software I attempted not to break: fusion 360, rhino, scanning software
hardware I attempted not to break: uprint se (3d printer), sense v2 (3d scanner)
As always, I think I spent more time looking up cool things and thinking about what to build than actually building something. This week was especially bad since there were just so many cool things I found that I wanted to build. After a lot of chrome tab opening and closing, I ended up deciding to make a Pikachu bobblehead. I checked Thingiverse and found this design inspired by the Funko Pop! dolls. For the most part, I really liked this design, so I ended up downloading this design and then altering it. I began altering it in Fusion 360, but ended up having some issues working with the mesh mode, so I just switched to Rhino. I made a few small changes: moving the cheek parts in and up so that they were less pronounced but just a little bump, and adding a base to the doll so that it would hopefully be a bit more stable as a bobblehead. Then, I decapitated Pikachu by splitting his head and body right at their intersection, and then made small cylindrical cutouts in each of the parts for a small spring to go into.
Once my file was finished, I printed out Pikachu. The job took about 4 hours and there were a lot of supports to hold up a few parts of Pikachu, like his tail and ears. Since these overhang a lot, the supports were needed so that the material would have something to stack on. The printing ended up going really well - there were a few misaligned pieces that I just cut off at the end, but overall, everything was solid and well formed. I sanded down Pikachu a bit so that any rough edges would be smoothed and the entire form would be a little less rough.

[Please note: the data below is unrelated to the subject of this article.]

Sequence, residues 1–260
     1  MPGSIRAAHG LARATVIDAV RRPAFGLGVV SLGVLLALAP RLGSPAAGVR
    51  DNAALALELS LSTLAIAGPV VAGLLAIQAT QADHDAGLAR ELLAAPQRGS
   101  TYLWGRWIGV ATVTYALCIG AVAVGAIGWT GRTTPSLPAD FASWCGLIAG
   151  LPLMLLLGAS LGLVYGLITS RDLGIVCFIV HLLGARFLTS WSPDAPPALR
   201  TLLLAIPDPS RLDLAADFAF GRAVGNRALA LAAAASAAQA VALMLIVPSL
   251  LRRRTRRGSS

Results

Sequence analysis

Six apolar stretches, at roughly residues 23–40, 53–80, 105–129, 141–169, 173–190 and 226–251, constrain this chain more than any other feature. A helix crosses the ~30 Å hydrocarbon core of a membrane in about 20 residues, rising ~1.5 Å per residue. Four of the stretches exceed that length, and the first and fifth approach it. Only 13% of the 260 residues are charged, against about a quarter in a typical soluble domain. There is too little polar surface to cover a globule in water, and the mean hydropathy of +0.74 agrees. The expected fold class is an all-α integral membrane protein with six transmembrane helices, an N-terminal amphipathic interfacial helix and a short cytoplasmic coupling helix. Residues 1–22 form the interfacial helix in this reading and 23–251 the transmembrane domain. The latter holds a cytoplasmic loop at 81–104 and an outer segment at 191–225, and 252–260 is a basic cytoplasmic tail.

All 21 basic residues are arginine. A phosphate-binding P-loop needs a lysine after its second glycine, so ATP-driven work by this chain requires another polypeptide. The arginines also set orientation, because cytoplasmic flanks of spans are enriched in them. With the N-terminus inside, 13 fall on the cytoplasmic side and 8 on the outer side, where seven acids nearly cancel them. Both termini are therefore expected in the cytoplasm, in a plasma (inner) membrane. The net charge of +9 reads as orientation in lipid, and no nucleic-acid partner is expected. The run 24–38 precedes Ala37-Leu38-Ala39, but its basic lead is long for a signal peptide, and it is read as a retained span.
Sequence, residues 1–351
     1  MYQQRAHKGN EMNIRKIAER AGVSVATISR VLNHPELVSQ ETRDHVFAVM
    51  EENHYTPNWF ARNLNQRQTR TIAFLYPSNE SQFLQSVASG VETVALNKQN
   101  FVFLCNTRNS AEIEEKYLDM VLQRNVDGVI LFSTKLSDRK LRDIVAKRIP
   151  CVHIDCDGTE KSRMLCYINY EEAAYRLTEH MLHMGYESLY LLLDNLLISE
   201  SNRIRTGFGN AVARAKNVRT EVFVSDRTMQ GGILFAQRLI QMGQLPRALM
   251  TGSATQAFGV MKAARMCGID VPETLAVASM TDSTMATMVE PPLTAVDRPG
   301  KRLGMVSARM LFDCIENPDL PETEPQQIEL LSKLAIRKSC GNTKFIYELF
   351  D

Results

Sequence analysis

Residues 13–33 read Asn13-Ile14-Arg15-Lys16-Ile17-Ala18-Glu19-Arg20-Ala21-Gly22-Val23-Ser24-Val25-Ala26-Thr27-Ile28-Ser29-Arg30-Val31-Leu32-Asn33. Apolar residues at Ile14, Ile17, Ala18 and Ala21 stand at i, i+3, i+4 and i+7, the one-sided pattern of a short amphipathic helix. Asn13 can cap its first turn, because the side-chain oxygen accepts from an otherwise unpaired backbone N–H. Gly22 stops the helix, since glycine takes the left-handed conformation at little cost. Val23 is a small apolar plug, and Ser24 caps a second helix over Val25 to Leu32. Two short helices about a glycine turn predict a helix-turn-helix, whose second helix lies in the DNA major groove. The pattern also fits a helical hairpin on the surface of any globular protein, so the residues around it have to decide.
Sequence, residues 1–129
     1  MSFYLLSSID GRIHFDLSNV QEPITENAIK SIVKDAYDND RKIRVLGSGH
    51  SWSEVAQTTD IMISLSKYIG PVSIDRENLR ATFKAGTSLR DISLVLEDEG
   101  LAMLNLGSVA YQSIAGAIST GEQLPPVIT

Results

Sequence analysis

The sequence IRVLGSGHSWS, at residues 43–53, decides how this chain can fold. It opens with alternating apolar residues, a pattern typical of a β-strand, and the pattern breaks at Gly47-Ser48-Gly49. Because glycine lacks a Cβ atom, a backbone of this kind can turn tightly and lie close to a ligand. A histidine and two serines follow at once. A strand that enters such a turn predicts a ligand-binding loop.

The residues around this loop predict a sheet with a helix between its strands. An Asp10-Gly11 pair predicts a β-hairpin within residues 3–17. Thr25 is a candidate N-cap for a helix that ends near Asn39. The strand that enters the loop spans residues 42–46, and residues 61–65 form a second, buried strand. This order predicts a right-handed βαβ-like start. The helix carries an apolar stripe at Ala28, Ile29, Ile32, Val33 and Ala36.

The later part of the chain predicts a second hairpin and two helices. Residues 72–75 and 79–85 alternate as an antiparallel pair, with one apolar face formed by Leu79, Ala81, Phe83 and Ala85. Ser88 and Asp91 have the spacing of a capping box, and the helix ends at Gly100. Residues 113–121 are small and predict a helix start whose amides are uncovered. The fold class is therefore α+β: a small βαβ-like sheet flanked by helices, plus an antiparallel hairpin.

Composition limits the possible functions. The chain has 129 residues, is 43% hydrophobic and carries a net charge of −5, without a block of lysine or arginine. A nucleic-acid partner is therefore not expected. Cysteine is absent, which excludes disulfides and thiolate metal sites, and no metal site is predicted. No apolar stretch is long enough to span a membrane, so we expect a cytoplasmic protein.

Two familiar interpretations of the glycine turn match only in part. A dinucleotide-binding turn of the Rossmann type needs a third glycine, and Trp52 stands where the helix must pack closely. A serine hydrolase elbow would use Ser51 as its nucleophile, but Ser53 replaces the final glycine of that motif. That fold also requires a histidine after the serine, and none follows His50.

Then came the most fun part - painting! I spent a few hours painting Pikachu using some acrylic paints, doing many really light coats so that the paint would get into the small crevices in the form. It was really fun to paint Pikachu, though some of the parts (like his eyes, his feet, and the base) were hard to paint because of the tiny openings and weird angles. If I was going to do this again, I might use the vinyl cutter to print out guides so that I could just paint things without having to worry about getting paint where it wasn't supposed to be. But after multiple rounds of paint and drying, it was time to finally assemble the bobblehead! I used a hot glue gun and a few springs I had found in lab to attach the head to the body so that the head could move.